How Using Your Own Name For Your Firm Can Go Wrong

When consultants ask me about using their own name for their firm, my first reaction is to ask a few questions, like:

What’s your ultimate vision for the company?

Does it include hiring other people (beyond say a VA) to serve clients?

Do you have an exit strategy that includes a sale at some point?

Usually, if you plan to use other people—even as contractors—you’re better off NOT using your own name.

But if you decide to do it anyway, you want to be highly transparent so your clients know when they’ll get you vs. a colleague.

Case in point: my electrician uses his name for his business: “Joe Smith Electric”. I used him twice to test him out before contracting for a tricky lighting installation.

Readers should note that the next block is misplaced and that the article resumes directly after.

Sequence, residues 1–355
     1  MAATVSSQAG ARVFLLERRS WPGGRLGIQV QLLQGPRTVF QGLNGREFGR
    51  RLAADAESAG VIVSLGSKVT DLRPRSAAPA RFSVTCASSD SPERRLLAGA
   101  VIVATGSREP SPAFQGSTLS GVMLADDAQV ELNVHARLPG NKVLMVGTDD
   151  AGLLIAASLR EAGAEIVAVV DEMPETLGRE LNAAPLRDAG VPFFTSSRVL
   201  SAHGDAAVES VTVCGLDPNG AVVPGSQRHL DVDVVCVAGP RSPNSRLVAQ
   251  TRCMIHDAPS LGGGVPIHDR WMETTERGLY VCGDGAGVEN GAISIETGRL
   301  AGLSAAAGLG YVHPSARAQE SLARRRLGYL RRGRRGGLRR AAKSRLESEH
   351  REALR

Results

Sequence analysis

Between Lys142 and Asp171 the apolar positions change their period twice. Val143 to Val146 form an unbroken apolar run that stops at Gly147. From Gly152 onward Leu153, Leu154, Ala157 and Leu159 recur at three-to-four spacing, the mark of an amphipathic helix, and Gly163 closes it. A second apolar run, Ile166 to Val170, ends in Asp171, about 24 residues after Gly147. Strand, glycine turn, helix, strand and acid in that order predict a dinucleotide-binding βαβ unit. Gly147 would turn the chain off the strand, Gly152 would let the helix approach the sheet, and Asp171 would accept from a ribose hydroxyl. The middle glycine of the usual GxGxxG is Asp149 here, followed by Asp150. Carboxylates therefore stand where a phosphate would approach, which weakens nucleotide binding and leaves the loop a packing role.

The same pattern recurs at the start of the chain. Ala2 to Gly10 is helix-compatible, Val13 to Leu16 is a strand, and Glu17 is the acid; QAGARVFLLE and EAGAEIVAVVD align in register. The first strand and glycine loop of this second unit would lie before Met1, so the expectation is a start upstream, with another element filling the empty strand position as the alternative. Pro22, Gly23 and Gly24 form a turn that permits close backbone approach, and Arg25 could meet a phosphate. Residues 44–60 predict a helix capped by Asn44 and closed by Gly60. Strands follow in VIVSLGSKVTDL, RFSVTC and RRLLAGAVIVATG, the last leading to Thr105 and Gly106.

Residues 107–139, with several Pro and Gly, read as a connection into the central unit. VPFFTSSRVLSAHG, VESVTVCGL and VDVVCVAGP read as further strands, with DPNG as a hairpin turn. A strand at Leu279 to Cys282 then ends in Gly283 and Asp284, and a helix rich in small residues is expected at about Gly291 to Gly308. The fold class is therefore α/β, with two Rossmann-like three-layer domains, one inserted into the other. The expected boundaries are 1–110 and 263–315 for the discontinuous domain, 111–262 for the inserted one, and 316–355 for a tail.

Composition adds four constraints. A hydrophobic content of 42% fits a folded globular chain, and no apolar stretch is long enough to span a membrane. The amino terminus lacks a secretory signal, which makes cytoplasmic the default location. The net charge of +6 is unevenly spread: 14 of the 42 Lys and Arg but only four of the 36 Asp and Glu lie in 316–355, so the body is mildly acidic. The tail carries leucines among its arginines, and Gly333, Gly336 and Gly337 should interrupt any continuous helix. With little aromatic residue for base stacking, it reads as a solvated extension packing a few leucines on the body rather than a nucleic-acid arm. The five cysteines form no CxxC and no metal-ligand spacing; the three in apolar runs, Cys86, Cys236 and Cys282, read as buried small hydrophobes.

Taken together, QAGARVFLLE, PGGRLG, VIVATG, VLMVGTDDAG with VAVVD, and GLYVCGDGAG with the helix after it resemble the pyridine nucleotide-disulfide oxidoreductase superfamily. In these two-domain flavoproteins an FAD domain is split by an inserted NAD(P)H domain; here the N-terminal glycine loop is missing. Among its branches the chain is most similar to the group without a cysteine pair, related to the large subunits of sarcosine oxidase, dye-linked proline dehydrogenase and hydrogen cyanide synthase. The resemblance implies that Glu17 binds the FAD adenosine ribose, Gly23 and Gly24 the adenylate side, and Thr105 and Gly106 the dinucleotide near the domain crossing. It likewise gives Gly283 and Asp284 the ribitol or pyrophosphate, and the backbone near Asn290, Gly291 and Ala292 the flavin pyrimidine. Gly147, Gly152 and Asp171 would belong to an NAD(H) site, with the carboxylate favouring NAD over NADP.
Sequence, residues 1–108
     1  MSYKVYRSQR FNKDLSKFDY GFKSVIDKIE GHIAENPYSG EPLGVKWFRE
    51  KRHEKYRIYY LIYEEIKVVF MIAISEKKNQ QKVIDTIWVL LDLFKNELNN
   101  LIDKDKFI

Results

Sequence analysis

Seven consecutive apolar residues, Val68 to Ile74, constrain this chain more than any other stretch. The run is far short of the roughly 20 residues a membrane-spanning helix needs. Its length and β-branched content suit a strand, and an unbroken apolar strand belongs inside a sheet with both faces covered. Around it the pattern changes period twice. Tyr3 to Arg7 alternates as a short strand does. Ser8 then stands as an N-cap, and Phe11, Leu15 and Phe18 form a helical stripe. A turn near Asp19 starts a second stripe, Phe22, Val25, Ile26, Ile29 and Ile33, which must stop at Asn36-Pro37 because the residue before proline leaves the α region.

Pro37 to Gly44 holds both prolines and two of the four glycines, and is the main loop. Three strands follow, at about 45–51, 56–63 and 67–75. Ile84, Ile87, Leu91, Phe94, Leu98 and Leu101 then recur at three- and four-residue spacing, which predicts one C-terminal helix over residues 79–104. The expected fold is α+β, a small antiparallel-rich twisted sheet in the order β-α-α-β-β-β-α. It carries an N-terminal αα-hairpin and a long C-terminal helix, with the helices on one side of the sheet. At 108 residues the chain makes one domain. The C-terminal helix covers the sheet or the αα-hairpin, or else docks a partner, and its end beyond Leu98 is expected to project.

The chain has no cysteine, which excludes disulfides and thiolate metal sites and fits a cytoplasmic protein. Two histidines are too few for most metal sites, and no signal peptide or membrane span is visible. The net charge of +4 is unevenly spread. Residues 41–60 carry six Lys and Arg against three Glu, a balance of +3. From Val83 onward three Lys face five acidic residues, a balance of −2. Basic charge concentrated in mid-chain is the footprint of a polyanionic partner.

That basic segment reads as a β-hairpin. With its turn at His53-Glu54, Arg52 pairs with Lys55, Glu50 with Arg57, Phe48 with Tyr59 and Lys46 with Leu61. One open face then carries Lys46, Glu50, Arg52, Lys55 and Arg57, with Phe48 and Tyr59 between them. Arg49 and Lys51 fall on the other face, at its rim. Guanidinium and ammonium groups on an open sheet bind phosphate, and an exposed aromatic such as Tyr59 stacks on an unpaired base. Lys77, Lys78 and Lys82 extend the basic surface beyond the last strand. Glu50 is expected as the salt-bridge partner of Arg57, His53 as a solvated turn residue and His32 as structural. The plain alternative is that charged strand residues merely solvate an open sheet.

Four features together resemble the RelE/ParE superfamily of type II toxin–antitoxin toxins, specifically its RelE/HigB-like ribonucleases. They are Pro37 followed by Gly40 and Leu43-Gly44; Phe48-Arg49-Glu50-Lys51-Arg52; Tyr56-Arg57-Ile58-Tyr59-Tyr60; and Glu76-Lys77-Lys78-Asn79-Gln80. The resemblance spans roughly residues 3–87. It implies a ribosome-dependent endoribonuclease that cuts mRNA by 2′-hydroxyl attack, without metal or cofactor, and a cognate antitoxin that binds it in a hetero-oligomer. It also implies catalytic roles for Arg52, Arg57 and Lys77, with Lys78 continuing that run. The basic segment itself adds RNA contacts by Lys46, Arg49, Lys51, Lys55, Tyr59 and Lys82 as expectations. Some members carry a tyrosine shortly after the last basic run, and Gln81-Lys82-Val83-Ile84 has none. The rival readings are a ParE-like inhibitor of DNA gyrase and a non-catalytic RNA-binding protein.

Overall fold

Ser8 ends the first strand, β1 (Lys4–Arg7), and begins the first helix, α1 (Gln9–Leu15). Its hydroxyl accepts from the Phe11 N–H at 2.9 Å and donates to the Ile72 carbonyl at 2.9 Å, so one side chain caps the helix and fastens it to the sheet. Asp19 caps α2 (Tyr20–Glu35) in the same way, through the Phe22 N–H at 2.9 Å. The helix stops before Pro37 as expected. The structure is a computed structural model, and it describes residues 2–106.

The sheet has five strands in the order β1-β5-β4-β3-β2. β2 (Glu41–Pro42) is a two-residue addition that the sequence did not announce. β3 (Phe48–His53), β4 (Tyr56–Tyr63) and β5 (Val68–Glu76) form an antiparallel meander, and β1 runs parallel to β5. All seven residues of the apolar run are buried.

Never did I see even a helper, much less any evidence he hired contractors.

So imagine my surprise when I opened the door at the appointed time to someone who was not “Joe”. So yes, I sent him away and rescheduled for Joe.

But Joe completely missed the chance to socialize the idea of my using his contractor—which would have saved him time AND built more leverage for his business. (For this job I’d have said no, but probably yes on a more routine thing if it meant I’d get it fixed faster.)

The thing is, Joe didn’t quite get why having a strange guy show up on our doorstep was off-putting.

“But I’m ultimately responsible for the work” he said.

Sure, but if it’s not right, they’re sawing more giant holes in the drywall that I must have fixed, not to mention my time to deal with possible errors from a junior guy.

Easy fix? 100% transparency and give your clients a say in the process (or find new clients who don’t care as much).

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